Association of Preoperative Body Weight and Weight Loss With Risk of Death After Bariatric Surgery | Bariatric Surgery | JAMA Network Open | JAMA Network
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    Original Investigation
    Surgery
    May 14, 2020

    Association of Preoperative Body Weight and Weight Loss With Risk of Death After Bariatric Surgery

    Author Affiliations
    • 1Department of Epidemiology, University of Iowa College of Public Health, Iowa City
    • 2Carver College of Medicine, Department of Surgery, University of Iowa, Iowa City
    • 3Carver College of Medicine, Department of Internal Medicine, University of Iowa, Iowa City
    • 4Fraternal Order of Eagles Diabetes Research Center, University of Iowa, Iowa City
    • 5Department of Plastic Surgery, Renmin Hospital of Wuhan University, Wuhan, China
    • 6now with Scientific and Medical Affairs, Abbott Nutrition, Columbus, Ohio
    • 7Obesity Research and Education Initiative, University of Iowa, Iowa City
    JAMA Netw Open. 2020;3(5):e204803. doi:10.1001/jamanetworkopen.2020.4803
    Key Points español 中文 (chinese)

    Question  Are preoperative body mass index and weight loss associated with 30-day mortality after bariatric surgery?

    Findings  In a cohort study of 480 075 patients who underwent bariatric surgery from 2015 to 2017, even modest weight loss before bariatric surgery was associated with lower risk of 30-day mortality after the procedure. Compared with patients with no preoperative weight loss, patients with weight loss greater than 0% to less than 5.0%, 5.0% to 9.9%, and 10.0% and greater had 24%, 31%, and 42%, respectively, lower risk of 30-day mortality.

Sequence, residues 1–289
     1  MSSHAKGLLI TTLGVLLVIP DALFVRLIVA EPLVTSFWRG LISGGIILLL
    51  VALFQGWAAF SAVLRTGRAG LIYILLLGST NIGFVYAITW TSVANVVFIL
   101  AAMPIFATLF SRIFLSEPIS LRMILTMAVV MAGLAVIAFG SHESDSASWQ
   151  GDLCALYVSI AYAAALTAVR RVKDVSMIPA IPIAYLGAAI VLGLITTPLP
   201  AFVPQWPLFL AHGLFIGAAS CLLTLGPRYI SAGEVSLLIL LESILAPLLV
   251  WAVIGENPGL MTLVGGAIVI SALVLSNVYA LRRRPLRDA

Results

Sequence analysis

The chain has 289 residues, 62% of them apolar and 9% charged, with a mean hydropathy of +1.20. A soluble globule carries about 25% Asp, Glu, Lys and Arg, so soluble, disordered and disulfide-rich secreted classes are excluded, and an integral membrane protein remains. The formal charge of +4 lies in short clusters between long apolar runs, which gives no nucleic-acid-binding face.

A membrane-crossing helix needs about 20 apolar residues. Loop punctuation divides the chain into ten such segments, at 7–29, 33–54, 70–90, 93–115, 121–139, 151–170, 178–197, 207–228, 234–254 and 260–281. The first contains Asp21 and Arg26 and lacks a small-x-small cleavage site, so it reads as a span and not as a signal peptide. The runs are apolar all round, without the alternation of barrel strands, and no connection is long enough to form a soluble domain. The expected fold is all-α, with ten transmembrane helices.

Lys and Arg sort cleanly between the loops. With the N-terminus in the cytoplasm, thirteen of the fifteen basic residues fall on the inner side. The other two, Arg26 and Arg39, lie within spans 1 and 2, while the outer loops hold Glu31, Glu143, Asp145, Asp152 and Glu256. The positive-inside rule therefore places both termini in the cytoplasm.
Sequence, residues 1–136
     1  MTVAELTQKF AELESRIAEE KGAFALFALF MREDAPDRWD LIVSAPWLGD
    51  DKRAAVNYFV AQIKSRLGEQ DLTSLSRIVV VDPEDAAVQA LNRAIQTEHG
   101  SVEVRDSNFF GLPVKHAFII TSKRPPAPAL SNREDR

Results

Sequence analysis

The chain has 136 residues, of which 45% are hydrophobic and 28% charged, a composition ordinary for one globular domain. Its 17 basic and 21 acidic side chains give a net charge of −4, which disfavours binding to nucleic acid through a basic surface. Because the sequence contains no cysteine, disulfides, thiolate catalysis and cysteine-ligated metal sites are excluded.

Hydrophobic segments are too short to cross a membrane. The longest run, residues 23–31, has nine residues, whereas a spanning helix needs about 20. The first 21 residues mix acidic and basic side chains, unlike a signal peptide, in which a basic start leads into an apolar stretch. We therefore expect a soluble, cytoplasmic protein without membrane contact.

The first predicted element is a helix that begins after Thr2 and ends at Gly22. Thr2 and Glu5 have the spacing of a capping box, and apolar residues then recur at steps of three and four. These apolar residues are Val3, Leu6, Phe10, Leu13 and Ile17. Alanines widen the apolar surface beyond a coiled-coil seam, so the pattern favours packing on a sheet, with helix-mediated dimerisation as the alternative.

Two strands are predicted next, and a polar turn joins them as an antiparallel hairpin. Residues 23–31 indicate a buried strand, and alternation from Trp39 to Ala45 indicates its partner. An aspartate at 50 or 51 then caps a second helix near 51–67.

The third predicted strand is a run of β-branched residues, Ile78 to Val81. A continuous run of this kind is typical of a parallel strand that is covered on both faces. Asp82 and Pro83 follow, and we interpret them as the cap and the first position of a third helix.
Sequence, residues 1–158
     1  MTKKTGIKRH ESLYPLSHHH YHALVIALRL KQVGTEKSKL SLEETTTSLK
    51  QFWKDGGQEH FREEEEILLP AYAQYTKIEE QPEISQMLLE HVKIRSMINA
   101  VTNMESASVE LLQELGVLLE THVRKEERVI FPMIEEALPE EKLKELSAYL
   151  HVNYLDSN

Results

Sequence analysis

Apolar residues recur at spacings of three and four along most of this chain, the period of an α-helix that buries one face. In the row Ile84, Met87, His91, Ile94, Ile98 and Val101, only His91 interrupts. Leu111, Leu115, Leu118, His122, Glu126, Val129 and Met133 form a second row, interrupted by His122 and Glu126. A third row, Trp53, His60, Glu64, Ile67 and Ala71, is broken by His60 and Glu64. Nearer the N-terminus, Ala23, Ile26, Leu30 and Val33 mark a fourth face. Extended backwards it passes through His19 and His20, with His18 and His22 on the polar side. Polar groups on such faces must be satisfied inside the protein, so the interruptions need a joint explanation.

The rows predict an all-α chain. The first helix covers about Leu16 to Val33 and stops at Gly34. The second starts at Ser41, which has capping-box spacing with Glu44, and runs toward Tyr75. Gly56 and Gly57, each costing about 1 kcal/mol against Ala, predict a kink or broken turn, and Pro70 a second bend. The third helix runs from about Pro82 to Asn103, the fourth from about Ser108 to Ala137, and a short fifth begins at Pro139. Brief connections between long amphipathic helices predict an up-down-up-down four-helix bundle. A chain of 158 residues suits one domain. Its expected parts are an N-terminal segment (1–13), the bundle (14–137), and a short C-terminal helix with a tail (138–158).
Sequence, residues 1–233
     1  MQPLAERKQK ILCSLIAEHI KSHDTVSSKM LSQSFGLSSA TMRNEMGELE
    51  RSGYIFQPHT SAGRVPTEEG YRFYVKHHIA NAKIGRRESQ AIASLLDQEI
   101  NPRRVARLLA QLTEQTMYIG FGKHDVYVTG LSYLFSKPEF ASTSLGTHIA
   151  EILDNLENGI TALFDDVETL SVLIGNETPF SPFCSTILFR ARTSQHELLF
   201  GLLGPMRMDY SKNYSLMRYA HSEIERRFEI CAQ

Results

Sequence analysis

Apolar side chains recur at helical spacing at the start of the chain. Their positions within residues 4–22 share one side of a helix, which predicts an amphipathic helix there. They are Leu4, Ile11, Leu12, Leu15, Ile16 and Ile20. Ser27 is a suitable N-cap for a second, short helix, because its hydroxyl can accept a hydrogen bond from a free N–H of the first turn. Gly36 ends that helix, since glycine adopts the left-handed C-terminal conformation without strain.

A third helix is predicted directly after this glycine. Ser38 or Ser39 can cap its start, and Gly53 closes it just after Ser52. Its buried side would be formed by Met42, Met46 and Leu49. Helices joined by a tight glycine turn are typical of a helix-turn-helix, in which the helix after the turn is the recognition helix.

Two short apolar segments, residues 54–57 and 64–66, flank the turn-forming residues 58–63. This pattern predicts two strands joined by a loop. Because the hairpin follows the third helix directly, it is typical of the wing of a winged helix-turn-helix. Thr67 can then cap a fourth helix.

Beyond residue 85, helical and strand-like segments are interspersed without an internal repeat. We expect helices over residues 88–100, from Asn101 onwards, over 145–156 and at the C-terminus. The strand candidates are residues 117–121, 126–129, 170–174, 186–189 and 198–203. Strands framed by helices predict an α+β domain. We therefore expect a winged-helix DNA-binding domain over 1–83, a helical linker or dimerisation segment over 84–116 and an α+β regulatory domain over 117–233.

Meaning  In this study of patients who underwent bariatric surgery, even moderate weight loss (ie, >0% to <5%) before the procedure was associated with lower risk of 30-day mortality; these findings may help to inform future updates of clinical guidelines regarding bariatric surgery.

    Abstract

    Importance  Perception of weight loss requirements before bariatric surgery varies among patients, physicians, and health insurance payers. Current clinical guidelines do not require preoperative weight loss because of a lack of scientific support regarding its benefits.

    Objective  To examine the association of preoperative body mass index (BMI) and weight loss with 30-day mortality after bariatric surgery.

    Design, Setting, and Participants  This cohort study used data from 480 075 patients who underwent bariatric surgery from 2015 to 2017 in the Metabolic and Bariatric Surgery Accreditation and Quality Improvement Program, which covers more than 90% of all bariatric surgery programs in the United States and Canada. Clinical and demographic data were collected at all participating institutions using a standardized protocol. Data analysis was performed from December 2018 to November 2019.

    Exposures  Preoperative BMI and weight loss.

    Main Outcomes and Measures  30-day mortality after bariatric surgery.

    Results  Of the 480 075 patients (mean [SD] age 45.1 [12.0] years; 383 265 [79.8%] women), 511 deaths (0.1%) occurred within 30 days of bariatric surgery. Compared with patients with a preoperative BMI of 35.0 to 39.9, the multivariable-adjusted odds ratios for 30-day mortality for patients with preoperative BMI of 40.0 to 44.9, 45.0 to 49.9, 50.0 to 54.9, and 55.0 and greater were 1.37 (95% CI, 1.02-1.83), 2.19 (95% CI, 1.64-2.92), 2.61 (95% CI, 1.90-3.58), and 5.03 (95% CI, 3.78-6.68), respectively (P for trend < .001). Moreover, compared with no preoperative weight loss, the multivariable-adjusted odds ratios for 30-day mortality for patients with weight loss of more than 0% to less than 5.0%, 5.0% to 9.9%, and 10.0% and greater were 0.76 (95% CI, 0.60-0.96), 0.69 (95% CI, 0.53-0.90), and 0.58 (95% CI, 0.41-0.82), respectively (P for trend = .003).

    Conclusions and Relevance  In this study, even moderate weight loss (ie, >0% to <5%) before bariatric surgery was associated with a lower risk of 30-day mortality. These findings may help inform future updates of clinical guidelines regarding bariatric surgery.

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